The misconception was common in 2008, but I still see it posted from time to time. A few weeks before the USGS released their updated estimates for recoverable oil in the Bakken. Several media outlets and hundreds of bloggers saw very large OOIP numbers like “400 billion bbl OOIP” in documentation that was written for people with a background in geology. Unfortunately, they did not know that “OOIP” is an abbreviation for Original Oil in Place which means that the geological formation had the potential to generate 400 billions barrels of crude oil. Just because Bakken had the potential to generate the oil does not mean that we can retrieve it. The oil may have even migrated out of the formation which can be difficult to track. Currently the Bakken is expected to give up 2 to 5 percent of the original oil in place (OOIP). Regardless of the OOIP the USGS’s estimate for actual recoverable oil is around 3.65 billion barrels with current technology.

From what I read some industry leaders think that number is very low. Future recover rates will likely be improved by advances in technology, but it is not something to rely on. Even in the best case the recoverable oil from the Bakken will probably be less than 10%. Why? Porosity an permeability are extremely low and even though the oil is there it is unable to flow to the well. It is very difficult to fix something that is more than 8000 feet below ground.

4. Original Oil in Place “OOIP” numbers are all over the place geologists are full of crap!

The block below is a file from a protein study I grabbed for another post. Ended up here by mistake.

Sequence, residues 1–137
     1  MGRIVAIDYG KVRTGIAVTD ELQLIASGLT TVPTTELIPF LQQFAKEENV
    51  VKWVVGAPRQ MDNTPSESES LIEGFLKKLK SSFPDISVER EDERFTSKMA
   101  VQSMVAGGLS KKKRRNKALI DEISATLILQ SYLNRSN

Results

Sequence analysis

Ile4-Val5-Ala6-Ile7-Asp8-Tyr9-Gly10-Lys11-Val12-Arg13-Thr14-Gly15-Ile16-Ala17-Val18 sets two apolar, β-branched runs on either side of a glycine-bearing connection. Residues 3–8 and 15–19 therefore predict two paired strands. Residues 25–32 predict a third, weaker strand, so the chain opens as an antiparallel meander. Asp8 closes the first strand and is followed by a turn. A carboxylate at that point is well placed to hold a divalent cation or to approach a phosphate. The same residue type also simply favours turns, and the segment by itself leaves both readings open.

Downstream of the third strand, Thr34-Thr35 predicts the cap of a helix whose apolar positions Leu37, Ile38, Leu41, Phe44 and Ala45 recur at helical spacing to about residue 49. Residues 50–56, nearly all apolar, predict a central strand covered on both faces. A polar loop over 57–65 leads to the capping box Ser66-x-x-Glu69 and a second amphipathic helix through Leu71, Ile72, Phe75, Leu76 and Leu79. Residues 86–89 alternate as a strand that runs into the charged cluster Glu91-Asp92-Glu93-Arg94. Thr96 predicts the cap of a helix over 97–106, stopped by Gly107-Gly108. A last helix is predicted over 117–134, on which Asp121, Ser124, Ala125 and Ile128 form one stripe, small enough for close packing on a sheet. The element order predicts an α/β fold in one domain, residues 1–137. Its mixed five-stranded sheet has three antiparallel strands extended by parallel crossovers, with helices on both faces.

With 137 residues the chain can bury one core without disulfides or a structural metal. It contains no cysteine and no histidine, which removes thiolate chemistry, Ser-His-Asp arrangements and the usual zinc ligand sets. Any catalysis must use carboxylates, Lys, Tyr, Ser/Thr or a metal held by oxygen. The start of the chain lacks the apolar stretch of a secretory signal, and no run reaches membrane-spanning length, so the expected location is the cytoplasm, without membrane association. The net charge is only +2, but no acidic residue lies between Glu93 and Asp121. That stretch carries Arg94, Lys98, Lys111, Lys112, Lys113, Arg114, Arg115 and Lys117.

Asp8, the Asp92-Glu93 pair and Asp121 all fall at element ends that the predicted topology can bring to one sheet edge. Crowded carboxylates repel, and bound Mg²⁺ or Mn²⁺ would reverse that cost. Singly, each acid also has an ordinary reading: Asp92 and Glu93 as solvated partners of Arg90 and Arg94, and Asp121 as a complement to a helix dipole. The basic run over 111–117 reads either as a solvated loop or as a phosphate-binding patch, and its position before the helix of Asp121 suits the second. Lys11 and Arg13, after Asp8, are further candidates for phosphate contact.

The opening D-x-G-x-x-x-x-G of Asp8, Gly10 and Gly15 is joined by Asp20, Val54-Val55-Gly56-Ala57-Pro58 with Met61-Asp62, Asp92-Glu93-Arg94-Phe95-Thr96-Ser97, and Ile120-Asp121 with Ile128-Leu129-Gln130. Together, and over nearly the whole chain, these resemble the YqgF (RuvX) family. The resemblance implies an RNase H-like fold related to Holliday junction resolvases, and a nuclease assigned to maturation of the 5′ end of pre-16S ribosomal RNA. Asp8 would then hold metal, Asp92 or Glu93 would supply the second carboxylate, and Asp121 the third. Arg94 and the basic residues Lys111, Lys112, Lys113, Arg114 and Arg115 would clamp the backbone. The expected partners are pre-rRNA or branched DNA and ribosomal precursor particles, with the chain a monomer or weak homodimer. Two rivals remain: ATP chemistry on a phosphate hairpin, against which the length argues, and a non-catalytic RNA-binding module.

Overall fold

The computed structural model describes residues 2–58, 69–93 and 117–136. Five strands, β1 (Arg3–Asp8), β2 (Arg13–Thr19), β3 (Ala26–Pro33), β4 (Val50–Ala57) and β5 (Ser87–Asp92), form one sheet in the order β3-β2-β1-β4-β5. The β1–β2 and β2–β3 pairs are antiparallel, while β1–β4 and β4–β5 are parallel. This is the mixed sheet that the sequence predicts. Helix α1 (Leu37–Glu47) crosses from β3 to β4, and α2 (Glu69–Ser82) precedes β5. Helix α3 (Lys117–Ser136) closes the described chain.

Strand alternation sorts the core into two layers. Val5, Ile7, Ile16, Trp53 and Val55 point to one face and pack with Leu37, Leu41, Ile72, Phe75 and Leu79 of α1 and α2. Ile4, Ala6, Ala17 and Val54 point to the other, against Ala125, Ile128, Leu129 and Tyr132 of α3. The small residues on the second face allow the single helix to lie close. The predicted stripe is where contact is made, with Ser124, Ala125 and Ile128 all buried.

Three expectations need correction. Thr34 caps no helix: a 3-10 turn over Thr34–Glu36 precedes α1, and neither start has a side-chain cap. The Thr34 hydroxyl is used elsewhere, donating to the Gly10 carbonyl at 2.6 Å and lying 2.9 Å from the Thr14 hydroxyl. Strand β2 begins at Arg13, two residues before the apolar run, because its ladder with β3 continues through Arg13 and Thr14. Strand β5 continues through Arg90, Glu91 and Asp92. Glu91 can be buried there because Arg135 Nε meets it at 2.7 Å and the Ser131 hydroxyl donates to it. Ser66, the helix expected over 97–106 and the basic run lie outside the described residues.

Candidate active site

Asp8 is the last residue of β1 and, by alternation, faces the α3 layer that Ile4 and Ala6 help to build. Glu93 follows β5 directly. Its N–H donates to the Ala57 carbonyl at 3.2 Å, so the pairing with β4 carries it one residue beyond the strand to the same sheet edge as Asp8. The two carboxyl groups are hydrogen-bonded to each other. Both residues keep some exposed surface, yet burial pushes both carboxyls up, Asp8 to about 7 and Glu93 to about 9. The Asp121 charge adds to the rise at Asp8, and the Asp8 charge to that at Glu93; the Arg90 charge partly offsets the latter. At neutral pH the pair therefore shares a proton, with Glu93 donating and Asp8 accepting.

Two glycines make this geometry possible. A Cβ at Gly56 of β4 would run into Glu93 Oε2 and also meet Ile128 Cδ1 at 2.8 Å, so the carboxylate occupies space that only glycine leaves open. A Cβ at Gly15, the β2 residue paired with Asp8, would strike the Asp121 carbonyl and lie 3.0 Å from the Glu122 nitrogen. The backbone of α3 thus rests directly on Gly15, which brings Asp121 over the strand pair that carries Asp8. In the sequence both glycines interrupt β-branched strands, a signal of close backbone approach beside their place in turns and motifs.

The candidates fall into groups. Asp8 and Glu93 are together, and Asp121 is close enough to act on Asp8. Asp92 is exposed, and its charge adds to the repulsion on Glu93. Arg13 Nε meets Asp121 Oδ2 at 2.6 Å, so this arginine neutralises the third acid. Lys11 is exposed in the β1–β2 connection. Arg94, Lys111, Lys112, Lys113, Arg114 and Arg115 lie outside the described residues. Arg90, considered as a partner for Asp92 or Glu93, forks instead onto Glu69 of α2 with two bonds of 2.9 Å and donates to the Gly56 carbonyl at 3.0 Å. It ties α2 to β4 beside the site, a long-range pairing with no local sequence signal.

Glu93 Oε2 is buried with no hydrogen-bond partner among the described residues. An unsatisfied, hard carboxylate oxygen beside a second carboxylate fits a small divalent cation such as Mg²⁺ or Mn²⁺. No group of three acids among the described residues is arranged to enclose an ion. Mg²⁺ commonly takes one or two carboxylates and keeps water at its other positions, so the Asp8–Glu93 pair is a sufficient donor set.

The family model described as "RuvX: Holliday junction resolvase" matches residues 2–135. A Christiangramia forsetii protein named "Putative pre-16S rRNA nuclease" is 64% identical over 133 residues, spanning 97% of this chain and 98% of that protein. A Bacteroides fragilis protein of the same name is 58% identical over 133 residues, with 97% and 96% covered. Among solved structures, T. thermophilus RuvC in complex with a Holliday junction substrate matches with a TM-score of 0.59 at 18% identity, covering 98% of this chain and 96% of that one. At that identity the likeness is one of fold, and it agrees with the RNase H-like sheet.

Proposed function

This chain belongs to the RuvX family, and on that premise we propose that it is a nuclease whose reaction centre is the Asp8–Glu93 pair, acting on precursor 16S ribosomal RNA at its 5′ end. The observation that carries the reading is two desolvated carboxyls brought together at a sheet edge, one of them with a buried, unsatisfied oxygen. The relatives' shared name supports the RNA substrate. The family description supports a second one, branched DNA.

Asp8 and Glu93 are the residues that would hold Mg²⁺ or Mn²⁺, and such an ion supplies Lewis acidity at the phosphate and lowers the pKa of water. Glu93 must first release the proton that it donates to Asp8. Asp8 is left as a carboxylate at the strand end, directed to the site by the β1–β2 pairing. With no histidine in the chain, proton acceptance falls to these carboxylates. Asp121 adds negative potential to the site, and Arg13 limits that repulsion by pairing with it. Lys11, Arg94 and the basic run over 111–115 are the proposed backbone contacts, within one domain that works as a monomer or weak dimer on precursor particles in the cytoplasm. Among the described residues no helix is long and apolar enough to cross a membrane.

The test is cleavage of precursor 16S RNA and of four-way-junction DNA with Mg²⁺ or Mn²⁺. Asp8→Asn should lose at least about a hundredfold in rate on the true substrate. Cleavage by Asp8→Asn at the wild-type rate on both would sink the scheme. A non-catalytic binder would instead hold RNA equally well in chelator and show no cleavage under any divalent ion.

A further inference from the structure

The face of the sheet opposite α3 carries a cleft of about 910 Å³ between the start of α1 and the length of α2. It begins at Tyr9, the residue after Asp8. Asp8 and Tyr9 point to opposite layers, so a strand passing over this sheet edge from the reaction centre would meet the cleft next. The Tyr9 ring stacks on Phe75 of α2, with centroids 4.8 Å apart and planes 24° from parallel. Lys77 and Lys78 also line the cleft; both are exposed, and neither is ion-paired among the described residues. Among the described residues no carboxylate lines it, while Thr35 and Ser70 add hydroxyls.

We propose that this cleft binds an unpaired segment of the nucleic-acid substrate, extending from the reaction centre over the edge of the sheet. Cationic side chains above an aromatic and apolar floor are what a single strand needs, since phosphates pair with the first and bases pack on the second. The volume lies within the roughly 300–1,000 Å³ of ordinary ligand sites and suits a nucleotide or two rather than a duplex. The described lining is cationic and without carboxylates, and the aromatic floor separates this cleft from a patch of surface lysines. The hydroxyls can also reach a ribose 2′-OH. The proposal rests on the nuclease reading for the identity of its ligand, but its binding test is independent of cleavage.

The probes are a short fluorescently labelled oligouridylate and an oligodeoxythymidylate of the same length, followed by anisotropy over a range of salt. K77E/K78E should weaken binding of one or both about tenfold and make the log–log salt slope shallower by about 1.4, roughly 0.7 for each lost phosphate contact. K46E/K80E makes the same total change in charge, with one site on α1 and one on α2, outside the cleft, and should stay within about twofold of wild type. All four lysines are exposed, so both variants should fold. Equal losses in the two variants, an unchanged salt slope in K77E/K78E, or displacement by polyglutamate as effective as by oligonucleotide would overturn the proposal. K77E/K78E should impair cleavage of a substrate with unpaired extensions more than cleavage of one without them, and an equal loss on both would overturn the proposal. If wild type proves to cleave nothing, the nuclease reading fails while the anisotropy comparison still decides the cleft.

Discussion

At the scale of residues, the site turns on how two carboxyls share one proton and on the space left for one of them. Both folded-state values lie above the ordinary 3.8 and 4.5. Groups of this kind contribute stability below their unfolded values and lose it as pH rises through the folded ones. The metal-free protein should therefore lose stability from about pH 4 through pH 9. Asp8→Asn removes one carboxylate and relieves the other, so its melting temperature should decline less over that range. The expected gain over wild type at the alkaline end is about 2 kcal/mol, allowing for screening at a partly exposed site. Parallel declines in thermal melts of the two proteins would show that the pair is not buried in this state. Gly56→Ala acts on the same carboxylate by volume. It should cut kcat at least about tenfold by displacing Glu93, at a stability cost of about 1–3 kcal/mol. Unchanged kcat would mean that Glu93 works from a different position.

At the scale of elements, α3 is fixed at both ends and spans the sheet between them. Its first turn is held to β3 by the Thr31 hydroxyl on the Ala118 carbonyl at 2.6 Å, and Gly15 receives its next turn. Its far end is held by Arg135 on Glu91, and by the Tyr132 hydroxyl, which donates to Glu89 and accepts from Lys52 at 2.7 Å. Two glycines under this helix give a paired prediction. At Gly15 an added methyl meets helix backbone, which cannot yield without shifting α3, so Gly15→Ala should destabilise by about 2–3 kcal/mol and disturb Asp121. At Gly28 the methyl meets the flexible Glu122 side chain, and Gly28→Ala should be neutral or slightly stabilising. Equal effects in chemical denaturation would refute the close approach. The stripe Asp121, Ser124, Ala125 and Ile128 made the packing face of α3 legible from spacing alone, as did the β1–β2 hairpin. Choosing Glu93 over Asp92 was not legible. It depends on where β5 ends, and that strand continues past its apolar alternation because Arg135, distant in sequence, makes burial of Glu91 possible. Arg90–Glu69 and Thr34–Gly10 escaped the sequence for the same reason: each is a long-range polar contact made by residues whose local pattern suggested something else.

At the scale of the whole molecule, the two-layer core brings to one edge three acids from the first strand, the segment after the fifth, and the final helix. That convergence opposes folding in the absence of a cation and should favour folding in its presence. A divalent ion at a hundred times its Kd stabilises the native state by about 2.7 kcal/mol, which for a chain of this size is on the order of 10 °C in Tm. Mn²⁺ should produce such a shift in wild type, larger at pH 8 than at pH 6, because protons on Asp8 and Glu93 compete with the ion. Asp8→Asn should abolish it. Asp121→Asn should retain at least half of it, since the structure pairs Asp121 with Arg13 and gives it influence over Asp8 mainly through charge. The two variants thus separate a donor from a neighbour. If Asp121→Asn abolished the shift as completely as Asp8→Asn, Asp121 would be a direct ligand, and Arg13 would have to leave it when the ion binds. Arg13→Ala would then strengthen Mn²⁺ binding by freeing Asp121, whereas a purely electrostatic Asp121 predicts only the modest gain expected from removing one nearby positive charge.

True! In reality OOIP numbers have ranged from 900 to 200 billion bbl depending on which calculation method you choose to go with. The number is calculated using organic content, volume, and thermal maturity.

There is a lot of variation because several different people have calculated the amount of oil in the Bakken. The following are some reasons for the deviation.

– Some people like big numbers 🙂

– Knowledge of organic content has been better mapped.

– Thermal maturity may have been ignored in some calculations

– The volume may have been poorly constrained. (Geographic area)

– What we thought we knew about thermal maturity has recently been turned on its head because the thermal gradient may have been improperly calculated for the large portions of the North American continent. (How fast it gets hot as you go down) Basically thermal gradient was calculated using water wells in the northern portion of the United States. Unfortunately, water wells can be affected by surface climate, and the last glaciation put a strong signal into the upper portion of the earth’s crust which skewed the results in the thermal gradient calculation. What this all means is that a much larger area of the Williston Basin is likely thermally mature than previously thought.

http://www.wbpc.ca/assets/File/Bios%20and%20Presentations/8_Gosnold.pdf

http://www.bsc.nodak.edu/gpee/presentations09/WilliamGosnold.pdf

Expect to see some updates or related posts on this subject in the future.

If you would like to be extra nerdy you can read this. Everything through about page 50 is background information on the Bakken. (Not focused on Petroleum)
Huber, T. P. 1986. Conodont biostratigraphy of the Bakken Formation and
lower Lodgepole Formations (Devonian and Mississippian), Williston
Basin, North Dakota. Unpublished Masters thesis, University of North
Dakota, Grand Forks, N.D.

This is probably the only OCRed copy in existence. Any grammatical errors are probably a result of the OCR process. Let me know if you find any major mistakes.

Filed under: BakkenEnergyFrackingInvesting

Like this post? Subscribe to my RSS feed and get loads more!